How the Amazon-Wholefoods deal could hit the food industry?

Co-author of this piece is Max Leveau, Venture Associate at Crowdfooding

The bomb that Amazon dropped recently with the Whole Foods acquisition has spilled a lot of ‘food for thought’ and creative predictions…from using Whole Foods as an internal ‘beta tester’ to sell logistics to other retailers to the ‘darkest conspiracy’ of taking over the whole grocery market, we have seen a lot of interpretations of Amazon’s motives behind this deal.

To help us make sense of the acquisition, our friends from Food Tech Connect have put together a brilliant piece to share some takes from leading entrepreneurs, investors, farmers, chefs and investors. As I believe this deal can have a huge impact on the whole food industry, I’ve even shared my personal thoughts in this brief article but I’ve felt that some voices deserved to be heard and we have decided to collect some takes from fellow entrepreneurs, industry thought leaders and investors to compliment the ‘acquisition picture’ ;)

We asked them to provide us with their insights on the opportunities this deal will generate for the food industry, how they see other retailers reacting to this acquisition, and how they envision Amazon playing in the food space in the foreseeable future.

Below are some of the responses we’ve received:

Mike Lee, Founder of Future Market, sees Amazon’s distribution power as a huge opportunity to make the whole food system more sustainable:

“Last mile delivery for food just got shorter. Also curious to see how this will impact small food entrepreneurs who typically use Amazon/Whole Foods as incubator grounds before they scale into mass retail. Regarding competition, this move made it an imperative to have a real e-commerce platform. No more fooling around, players like WalMart and Target need to figure out how to become amazon before amazon becomes them.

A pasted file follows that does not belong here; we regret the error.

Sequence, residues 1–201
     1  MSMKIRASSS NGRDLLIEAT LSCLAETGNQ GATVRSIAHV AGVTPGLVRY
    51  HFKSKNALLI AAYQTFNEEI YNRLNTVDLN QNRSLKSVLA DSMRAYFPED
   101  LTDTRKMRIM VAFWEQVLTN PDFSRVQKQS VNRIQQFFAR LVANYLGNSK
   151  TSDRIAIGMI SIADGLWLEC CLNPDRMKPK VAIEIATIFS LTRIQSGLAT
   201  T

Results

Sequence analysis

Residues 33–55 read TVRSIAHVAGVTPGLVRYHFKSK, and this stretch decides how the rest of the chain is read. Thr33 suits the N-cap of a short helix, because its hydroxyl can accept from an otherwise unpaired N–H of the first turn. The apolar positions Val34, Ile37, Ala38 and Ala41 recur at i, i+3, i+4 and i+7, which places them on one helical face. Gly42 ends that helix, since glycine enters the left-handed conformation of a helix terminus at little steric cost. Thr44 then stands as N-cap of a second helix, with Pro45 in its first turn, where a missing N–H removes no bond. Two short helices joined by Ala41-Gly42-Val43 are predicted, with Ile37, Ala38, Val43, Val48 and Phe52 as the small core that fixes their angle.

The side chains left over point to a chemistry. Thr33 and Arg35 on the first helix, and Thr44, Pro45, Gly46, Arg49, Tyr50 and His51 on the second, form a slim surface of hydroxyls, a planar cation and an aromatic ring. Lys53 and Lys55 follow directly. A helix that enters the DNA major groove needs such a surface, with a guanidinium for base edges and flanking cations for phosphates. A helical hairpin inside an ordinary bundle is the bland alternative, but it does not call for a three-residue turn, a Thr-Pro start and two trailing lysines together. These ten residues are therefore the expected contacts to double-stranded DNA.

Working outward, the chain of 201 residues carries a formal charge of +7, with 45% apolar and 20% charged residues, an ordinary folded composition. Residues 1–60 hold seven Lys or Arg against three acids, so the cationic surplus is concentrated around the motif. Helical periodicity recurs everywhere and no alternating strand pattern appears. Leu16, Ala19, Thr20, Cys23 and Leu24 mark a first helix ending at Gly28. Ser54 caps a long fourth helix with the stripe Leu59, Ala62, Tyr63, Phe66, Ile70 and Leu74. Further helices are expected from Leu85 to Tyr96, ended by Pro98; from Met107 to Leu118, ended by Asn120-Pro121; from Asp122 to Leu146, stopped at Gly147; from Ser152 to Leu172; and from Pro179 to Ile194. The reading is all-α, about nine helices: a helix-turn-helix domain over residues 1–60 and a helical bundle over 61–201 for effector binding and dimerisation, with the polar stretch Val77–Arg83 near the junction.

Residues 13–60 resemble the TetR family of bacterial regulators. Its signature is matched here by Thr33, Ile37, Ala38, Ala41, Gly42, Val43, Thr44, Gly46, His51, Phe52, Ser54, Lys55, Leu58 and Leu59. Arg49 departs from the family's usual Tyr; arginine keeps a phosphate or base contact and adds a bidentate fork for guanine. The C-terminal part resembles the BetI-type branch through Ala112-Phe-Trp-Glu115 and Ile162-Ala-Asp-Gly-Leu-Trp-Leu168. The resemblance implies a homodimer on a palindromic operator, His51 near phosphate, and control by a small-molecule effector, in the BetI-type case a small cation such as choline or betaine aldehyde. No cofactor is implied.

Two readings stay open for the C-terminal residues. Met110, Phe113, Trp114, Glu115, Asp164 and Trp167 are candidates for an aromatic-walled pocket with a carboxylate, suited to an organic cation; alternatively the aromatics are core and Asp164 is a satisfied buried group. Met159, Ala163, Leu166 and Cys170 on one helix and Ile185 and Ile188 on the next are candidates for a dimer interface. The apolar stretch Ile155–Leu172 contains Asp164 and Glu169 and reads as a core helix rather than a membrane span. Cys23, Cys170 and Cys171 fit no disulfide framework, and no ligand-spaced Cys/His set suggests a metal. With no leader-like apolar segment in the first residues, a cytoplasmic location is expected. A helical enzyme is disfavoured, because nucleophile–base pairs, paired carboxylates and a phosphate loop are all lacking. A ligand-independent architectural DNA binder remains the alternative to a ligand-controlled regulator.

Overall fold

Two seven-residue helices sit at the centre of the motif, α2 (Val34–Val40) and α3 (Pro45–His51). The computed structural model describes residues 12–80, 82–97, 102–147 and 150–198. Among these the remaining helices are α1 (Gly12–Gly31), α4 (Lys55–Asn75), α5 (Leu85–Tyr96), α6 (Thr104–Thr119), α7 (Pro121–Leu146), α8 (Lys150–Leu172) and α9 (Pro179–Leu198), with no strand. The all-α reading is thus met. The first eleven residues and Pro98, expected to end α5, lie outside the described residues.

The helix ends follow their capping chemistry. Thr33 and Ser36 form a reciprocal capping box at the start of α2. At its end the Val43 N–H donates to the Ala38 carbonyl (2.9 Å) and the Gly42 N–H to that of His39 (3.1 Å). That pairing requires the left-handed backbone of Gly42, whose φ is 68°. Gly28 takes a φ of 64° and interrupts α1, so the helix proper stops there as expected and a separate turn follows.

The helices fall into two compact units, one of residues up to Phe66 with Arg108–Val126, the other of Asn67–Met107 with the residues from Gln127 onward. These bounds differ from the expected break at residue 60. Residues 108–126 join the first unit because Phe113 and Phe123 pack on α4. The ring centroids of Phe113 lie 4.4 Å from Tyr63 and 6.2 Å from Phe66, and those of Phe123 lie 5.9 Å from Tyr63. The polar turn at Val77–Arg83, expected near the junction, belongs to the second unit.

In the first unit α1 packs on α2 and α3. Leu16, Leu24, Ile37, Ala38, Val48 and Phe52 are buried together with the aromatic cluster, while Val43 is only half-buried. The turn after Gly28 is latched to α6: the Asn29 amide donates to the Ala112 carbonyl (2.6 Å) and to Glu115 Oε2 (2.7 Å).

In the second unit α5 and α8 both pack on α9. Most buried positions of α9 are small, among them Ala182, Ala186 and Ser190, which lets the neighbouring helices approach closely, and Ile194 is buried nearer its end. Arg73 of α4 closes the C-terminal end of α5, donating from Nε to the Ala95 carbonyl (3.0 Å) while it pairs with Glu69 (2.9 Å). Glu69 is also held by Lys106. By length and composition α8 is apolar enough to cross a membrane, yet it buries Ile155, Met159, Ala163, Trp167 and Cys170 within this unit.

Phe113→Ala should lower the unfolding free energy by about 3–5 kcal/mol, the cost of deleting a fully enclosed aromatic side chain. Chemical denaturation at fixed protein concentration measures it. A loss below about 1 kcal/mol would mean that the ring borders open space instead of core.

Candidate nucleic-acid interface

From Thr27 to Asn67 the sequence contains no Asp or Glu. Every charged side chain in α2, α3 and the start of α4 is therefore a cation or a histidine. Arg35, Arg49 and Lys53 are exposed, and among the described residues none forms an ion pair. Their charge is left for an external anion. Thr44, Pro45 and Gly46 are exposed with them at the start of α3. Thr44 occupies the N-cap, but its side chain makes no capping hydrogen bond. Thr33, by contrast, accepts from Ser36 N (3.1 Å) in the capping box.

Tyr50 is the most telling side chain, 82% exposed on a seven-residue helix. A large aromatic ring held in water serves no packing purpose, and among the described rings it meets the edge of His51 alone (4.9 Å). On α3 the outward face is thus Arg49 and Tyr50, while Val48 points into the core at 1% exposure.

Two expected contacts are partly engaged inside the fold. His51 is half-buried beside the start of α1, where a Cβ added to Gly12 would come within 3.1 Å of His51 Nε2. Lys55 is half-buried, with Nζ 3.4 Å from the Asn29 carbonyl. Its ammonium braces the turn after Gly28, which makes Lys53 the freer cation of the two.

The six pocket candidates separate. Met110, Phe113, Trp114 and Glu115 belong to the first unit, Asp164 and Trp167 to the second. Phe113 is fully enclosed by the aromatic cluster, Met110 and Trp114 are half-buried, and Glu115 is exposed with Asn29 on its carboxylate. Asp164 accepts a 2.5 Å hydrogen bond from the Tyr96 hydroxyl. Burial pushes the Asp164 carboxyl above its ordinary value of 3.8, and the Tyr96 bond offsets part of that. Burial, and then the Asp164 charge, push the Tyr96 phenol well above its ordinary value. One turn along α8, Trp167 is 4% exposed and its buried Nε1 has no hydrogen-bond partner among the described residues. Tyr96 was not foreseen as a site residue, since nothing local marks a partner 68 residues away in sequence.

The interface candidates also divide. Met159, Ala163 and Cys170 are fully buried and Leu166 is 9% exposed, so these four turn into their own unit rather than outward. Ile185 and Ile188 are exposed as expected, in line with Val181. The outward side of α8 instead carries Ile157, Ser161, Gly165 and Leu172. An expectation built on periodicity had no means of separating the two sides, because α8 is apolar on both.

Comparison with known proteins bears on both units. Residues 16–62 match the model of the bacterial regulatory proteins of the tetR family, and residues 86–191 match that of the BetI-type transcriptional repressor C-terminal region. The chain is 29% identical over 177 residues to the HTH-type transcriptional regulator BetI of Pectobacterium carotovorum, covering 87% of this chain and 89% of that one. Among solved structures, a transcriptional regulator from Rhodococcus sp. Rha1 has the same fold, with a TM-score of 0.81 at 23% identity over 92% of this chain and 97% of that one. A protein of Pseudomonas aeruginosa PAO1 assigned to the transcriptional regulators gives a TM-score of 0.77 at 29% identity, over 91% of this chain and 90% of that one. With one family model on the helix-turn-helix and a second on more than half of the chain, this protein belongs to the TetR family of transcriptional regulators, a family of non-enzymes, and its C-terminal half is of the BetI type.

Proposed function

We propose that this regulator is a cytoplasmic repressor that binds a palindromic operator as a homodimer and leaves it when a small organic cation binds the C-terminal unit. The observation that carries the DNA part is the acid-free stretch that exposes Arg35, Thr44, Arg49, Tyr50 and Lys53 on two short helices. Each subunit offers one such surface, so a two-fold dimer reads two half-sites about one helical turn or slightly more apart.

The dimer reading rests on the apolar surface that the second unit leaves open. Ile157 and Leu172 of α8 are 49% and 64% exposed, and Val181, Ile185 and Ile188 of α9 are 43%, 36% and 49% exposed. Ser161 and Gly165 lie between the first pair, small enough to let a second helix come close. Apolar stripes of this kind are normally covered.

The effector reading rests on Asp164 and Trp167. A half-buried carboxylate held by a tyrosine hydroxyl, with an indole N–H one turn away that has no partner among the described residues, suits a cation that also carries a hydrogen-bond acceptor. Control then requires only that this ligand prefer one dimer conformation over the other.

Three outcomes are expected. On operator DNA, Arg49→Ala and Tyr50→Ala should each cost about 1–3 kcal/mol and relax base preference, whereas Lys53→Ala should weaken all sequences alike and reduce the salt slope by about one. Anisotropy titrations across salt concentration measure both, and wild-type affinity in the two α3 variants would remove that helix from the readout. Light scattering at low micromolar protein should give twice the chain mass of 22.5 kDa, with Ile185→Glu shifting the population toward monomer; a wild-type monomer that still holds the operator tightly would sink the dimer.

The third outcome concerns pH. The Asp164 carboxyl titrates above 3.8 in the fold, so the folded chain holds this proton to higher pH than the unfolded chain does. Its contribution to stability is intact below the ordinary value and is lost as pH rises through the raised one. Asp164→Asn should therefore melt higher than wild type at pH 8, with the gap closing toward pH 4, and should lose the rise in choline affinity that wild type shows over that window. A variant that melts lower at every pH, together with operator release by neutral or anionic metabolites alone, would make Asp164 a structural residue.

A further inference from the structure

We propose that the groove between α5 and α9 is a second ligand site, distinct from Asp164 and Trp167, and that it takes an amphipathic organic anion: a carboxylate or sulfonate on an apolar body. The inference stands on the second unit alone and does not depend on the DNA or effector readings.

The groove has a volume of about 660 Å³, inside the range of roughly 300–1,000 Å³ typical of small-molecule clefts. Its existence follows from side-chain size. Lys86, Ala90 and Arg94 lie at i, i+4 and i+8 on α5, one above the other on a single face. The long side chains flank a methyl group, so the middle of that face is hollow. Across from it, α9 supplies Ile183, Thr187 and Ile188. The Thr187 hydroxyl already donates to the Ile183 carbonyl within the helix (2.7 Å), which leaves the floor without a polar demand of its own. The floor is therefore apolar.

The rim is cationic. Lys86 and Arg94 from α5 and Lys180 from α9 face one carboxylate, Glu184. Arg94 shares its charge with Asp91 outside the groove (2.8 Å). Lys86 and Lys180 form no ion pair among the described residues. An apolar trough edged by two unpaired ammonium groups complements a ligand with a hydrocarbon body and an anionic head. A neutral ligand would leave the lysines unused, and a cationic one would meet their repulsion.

Last but not least I feel that data and distribution are amazon’s biggest assets and when they apply that to food, we’ll have a more predictive, just-in-time delivered food system. I really hope they can use their reach and knowledge making things cheaper to get more good food to food deserts too.”

For Tessa Stuart, Food brand customer research & consulting expert, Amazon will seek to develop their own (private labelled) food products, revolutionise the ‘click and collect’ for chilled food, and develop new in-store customer experiences:

“I think the acquisition of Whole Foods by Amazon adds an interesting new contender to the UK online marketplace of Ocado and other supermarkets. Whole Foods now have access to Amazon’s unrevealed ability in delivery, whilst Amazon now have a very credible well regarded brand in food. Given the wafer thin margins for online food delivery, Amazon will surely seek to develop their own food brand or a lower price new Whole Foods brand similar to Waitrose Essentials or Ocado own label, to make more margin. […]

Chilled food delivery is a whole different ball game from Amazon’s standard product range, and I don’t think Amazon Fresh has yet managed to get much traction in the UK. Where Amazon could innovate is in terms of click and collect so that people can pick up their evening shopping ready assembled for them on the way home from Whole Foods stores or perhaps chilled lockers at stations. […]

Amazon will stand or fall by the ability to pick products accurately and avoid substitutions in people’s shopping.

I see in my shopper research that Whole Foods stores in the UK are destinations for foodies, where they like to hang out, meet their friends for coffee or a bite, and browse new products. In my view this makes Whole Foods entirely unique. It may be that Amazon will seek to leverage this customer affection for the store by developing events and experiences which they could then ticket, as Whole Foods already does now, keeping the store experience fresh and new, and encouraging people to return for more. Perhaps they’ll add fee-based work spaces; I often see people working in Whole Foods. […]